Prenasal thickness in trisomy-21 fetuses at 16–24 weeks of gestation

Authors


Abstract

Objective

To construct a reference range for fetal prenasal thickness between 16 and 24 weeks of gestation and to evaluate the thickness in fetuses with trisomy 21.

Methods

We acquired three-dimensional (3D) volumes of the fetal profile from 135 normal fetuses and 26 fetuses with trisomy 21 at 16–24 weeks' gestation. We used the multiplanar mode to obtain the exact mid-sagittal plane and measured the prenasal thickness as the shortest distance between the anterior edge of the lowest part of the frontal bone (at the junction with the nasal bone when present) and the skin anteriorly.

Results

In the normal group prenasal thickness increased with gestation from a mean of 2.4 mm at 16 weeks to 4.6 mm at 24 weeks. Repeatability studies demonstrated that in 95% of the cases the difference between two measurements of prenasal thickness by the same operator and by different operators was less than 1 mm. In the trisomy-21 fetuses the mean prenasal thickness was significantly larger than in normal fetuses and in 19 (73.1%) cases it was above the 95th centile of the normal range. There was no significant difference in prenasal thickness between the trisomic fetuses with and without ventriculomegaly, nuchal edema, absent nasal bone or a cardiac defect.

Conclusions

The fetal profile is routinely examined during the second-trimester scan and therefore the skill needed to obtain the view necessary for the measurement of prenasal thickness is widely available. If the finding of our study—that in more than 70% of fetuses with trisomy 21 prenasal thickness is above the 95th centile—is confirmed in prospective screening studies this measurement alone could prove a highly sensitive method of second-trimester screening for trisomy 21. Copyright © 2008 ISUOG. Published by John Wiley & Sons, Ltd.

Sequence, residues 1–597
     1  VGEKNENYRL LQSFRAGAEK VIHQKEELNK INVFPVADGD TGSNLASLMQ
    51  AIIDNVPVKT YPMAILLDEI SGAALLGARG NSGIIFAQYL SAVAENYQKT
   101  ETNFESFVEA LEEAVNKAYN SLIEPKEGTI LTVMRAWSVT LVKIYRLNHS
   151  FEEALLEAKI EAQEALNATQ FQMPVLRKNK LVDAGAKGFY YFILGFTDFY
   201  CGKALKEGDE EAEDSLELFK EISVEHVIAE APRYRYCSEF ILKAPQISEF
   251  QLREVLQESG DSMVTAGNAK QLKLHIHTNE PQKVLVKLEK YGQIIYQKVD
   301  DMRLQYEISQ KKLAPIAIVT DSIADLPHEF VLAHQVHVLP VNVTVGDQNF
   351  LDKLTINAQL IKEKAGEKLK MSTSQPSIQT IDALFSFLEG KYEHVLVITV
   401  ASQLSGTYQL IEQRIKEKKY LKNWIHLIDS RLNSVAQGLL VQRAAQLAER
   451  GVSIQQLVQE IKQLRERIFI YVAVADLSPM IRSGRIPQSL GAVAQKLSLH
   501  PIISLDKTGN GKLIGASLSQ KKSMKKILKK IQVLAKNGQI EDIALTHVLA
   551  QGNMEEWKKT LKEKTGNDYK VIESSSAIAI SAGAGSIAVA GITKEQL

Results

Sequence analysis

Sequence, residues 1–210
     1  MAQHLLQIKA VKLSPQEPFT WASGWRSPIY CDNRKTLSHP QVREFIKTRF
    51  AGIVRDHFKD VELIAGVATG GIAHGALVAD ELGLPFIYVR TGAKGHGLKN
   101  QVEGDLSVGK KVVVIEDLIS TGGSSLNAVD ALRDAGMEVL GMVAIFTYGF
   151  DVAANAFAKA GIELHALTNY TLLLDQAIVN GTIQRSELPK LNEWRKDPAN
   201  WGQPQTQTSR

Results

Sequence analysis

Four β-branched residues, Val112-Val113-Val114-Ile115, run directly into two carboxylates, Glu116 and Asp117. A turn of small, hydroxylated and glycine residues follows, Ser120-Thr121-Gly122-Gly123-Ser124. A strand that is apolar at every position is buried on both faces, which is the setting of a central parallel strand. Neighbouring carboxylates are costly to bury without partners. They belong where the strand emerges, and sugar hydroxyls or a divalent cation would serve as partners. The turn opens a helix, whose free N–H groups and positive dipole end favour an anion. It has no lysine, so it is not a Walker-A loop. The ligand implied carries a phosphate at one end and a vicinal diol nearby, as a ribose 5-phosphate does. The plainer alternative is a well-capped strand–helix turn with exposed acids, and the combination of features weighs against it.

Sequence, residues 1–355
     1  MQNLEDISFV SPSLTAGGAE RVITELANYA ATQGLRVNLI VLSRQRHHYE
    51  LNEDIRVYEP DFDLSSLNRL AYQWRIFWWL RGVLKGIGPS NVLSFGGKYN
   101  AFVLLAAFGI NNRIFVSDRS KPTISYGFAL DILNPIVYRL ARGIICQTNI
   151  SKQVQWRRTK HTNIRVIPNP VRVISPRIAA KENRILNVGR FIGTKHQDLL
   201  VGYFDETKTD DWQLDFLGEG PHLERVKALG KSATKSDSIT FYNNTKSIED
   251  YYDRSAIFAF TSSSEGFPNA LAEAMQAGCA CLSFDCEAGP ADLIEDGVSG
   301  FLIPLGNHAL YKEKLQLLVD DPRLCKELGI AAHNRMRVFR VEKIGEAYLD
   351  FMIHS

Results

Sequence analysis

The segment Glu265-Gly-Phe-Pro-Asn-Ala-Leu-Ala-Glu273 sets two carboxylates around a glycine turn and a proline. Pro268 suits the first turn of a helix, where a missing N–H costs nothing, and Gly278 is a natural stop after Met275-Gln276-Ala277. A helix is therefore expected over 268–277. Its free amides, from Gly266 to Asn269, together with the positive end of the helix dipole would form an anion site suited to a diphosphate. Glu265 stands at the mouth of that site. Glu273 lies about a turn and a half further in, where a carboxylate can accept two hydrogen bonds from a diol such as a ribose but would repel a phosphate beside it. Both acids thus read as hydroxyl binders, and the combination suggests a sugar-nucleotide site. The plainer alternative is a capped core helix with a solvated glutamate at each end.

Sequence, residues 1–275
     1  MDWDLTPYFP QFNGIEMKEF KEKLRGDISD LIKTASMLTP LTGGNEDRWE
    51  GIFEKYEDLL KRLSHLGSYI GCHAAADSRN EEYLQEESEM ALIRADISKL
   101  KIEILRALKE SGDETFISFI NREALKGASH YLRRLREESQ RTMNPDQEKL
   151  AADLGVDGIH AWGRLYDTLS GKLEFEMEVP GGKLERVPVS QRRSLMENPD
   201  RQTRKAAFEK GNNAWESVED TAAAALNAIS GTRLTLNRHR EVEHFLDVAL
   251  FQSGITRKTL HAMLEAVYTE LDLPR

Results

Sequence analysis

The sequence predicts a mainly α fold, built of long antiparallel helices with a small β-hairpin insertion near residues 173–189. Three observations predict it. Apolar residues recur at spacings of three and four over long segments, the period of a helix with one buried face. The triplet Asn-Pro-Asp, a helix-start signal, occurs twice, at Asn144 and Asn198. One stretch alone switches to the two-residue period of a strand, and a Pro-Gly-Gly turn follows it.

Introduction

An excessive amount of skin is a common feature in individuals with trisomy 21, as originally described by Langdon Down in 18661. Extensive studies have documented this excessive amount of skin as increased nuchal translucency thickness in the first trimester and increased nuchal fold thickness in the second trimester2–5. More recently Maymon et al. reported that in second-trimester trisomy-21 fetuses the prenasal skin thickness, between the frontonasal angle and the outer border of the skin edge, is increased6; in 58% of 21 fetuses with trisomy 21 at 14–27 weeks of gestation the prenasal thickness was above the 95th centile of 500 normal fetuses.

The aim of this three-dimensional (3D) ultrasound study was to construct a reference range for fetal prenasal thickness between 16 and 24 weeks' gestation and to evaluate further the thickness in fetuses with trisomy 21.

Methods

We measured prenasal thickness using 3D volumes of the fetal face that had been acquired from two groups of patients. The first group comprised 135 singleton pregnancies with appropriately growing fetuses and no sonographic evidence of fetal abnormality. These patients were attending our fetal medicine centers for routine ultrasound examination at 16–24 weeks, and for this study we prospectively selected 15 consecutive cases per gestational week. The second group comprised 26 fetuses with trisomy 21 confirmed by chorionic villus sampling or amniocentesis, which were carried out because of a high suspicion for a chromosomal defect. In 14 (53.8%) cases the maternal age was 35 years or more and in all but one case there was at least one fetal abnormality or sonographic marker of chromosomal defect, including mild ventriculomegaly (n = 5), nuchal edema (n = 9), absent nasal bone (n = 7), cardiac defect (n = 11), intracardiac echogenic focus (n = 4), hyperechogenic bowel (n = 3), collapsed stomach (n = 2), duodenal atresia (n = 1), mild hydronephrosis (n = 3), short femur (n = 4), talipes (n = 2), clinodactyly (n = 2), cleft lip and palate (n = 1), choroid plexus cyst (n = 1) and sandal gap (n = 1).